Ryanair says the Civil Aviation Authority”s (CAA) ”complete failure to regulate” is the reason the BAA”s monopoly continues to ”ride roughshod over the reasonable interests of users and passengers.”
The Authority”s ”monopoly abuse” has resulted, the carrier says, in a doubling of passenger charges since April, a decline in passenger traffic and ”appalling” security queues, while boosting BAA profits.
Ryanair also says the CAA refused to intervene in BAA plans ”to impose a ”4bn gold-plated Taj Mahal development for a second runway and terminal when such facilities should be provided sensibly and efficiently for one quarter of the cost."
”CAA regulation of the BAA monopoly has utterly failed and is doing untold damage to the air transport industry, passenger needs and the British economy,” said Ryanair”s head of regulatory Affairs, Jim Callaghan.
”We call on this review to recognise, as the Office of Fair Trading has already done in its referral of the BAA monopoly to the Competition Commission, that CAA regulation is a sham which has failed to control the price gouging monopoly.”
The Stansted Airline Consultative Committee”s chairman, David O'Brien, said: ”The CAA has allowed BAA to ignore the unanimous requests of users for the provision of low-cost, efficient facilities at Stansted.”
A CAA spokesman told ABTN: ”There is an ongoing full review of the CAA and Ryanair is concentrating on how we set price caps. The Department for Transport will have the final say on that, and will report in three or four months.”
The CAA said its decision to recommend that Stansted becomes unregulated ” currently Heathrow, Gatwick, Manchester and Stansted are designated for regulation ” is because the market has moved on.
”We don”t believe in over-regulation, where market forces can do that more efficiently,” said the spokesman. ”Regulation and designation costs a lot of money. The reality is most airlines at Stansted have been paying well below the maximum price cap. For many years operators were attracted to the airport by heavy discounts, so perhaps time”s catching up with them.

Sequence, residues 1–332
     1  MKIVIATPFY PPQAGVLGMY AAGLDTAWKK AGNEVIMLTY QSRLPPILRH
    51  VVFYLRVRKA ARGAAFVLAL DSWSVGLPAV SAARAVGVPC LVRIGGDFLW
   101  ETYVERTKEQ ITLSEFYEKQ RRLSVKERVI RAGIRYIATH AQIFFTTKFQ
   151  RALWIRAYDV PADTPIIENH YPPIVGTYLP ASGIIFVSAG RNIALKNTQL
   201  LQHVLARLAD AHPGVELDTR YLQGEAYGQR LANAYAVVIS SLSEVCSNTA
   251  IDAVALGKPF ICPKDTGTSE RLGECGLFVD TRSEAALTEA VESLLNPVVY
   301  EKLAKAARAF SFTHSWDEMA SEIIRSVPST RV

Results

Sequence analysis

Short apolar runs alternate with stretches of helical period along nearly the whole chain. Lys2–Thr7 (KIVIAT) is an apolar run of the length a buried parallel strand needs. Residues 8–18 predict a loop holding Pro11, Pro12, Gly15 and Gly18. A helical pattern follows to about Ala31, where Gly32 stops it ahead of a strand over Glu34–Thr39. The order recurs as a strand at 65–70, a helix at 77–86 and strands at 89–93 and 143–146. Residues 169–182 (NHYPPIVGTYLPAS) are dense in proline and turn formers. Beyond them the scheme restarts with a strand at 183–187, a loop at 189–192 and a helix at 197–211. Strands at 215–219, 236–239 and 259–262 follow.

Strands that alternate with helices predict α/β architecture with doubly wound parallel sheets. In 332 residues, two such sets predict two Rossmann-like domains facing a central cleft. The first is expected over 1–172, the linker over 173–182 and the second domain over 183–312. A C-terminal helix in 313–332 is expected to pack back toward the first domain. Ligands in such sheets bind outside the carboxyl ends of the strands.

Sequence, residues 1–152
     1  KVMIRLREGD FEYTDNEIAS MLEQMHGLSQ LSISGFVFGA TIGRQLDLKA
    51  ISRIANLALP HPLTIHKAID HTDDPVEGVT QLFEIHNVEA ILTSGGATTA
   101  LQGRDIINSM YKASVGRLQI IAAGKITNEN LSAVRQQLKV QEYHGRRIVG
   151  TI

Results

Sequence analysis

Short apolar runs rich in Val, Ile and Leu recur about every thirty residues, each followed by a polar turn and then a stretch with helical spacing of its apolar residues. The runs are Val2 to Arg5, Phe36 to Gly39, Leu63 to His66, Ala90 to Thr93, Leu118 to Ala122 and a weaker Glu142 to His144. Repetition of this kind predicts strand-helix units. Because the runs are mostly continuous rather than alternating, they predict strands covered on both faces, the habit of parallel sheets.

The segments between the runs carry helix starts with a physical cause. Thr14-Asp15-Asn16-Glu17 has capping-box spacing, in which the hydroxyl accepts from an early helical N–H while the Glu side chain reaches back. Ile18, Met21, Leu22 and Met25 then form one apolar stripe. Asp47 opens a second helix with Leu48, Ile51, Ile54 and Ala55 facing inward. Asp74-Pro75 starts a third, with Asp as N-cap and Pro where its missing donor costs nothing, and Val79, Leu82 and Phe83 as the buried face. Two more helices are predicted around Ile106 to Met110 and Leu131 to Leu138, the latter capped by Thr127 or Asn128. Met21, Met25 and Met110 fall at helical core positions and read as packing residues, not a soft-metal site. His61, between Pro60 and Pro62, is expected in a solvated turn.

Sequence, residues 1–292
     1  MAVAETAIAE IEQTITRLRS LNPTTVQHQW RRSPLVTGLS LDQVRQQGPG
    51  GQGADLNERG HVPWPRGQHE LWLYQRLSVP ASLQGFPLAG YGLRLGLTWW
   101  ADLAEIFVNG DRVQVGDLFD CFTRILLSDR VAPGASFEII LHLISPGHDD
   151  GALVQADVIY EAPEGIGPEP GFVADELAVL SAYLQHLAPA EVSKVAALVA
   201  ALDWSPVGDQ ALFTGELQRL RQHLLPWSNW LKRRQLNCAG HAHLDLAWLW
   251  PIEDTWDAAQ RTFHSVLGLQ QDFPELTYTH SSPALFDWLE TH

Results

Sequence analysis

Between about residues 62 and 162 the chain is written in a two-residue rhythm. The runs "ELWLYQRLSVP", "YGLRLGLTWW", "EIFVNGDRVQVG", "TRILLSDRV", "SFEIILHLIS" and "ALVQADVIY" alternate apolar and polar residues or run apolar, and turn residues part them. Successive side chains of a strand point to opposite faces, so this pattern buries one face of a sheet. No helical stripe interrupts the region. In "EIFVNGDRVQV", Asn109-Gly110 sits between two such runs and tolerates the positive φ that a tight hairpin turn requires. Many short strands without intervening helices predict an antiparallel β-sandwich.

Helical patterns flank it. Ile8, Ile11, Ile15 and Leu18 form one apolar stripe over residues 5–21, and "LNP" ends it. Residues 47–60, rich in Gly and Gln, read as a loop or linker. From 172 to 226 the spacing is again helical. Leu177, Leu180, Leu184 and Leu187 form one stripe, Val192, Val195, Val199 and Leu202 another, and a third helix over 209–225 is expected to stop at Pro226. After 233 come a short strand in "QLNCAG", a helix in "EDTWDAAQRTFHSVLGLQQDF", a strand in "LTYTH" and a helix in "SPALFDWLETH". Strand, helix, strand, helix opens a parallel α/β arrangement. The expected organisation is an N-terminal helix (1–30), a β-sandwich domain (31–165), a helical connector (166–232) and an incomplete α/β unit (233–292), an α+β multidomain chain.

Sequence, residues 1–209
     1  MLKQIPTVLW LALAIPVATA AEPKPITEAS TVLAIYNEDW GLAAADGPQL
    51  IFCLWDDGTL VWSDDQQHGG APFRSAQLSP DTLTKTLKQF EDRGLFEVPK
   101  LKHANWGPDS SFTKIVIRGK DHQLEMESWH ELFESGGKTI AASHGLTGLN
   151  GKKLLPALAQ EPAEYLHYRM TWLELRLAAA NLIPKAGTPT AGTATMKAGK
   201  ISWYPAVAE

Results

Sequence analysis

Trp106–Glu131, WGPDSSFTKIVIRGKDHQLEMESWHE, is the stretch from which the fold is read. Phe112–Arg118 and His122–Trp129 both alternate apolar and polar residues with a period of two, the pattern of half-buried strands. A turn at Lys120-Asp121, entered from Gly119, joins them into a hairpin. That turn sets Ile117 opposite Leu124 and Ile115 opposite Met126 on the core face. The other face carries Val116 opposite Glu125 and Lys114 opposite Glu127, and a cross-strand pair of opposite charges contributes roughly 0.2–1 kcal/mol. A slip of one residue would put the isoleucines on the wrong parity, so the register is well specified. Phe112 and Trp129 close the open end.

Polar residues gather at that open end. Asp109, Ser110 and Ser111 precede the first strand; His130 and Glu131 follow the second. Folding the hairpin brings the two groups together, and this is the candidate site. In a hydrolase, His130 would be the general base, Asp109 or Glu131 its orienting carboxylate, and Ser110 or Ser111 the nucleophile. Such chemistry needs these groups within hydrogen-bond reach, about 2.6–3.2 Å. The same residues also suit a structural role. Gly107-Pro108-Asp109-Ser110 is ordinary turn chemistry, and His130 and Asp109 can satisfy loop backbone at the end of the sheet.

”We”re between a rock and a hard place ” airlines want cheaper landing fees; carriers and passengers want cheaper, improved facilities, and airport operators want profits. But these kind of improvements in services need to be paid for somehow. As a regulator it”s quite a difficult job trying to balance it all out.”
Regarding Stansted”s second runway, the spokesman said it was a government decision involving planning laws, environmental lobbies and other factors. Nothing has been decided yet.
An independent review into the CAA began in October last year, when Transport Secretary Ruth Kelly said: ”The CAA is recognised throughout the world for its expertise, which is demonstrated by the UK's exemplary aviation safety record. However, the aviation world has changed considerably since 1971 when the CAA was established, and this review will ensure that the organisation is ready to take on the challenges of the future.”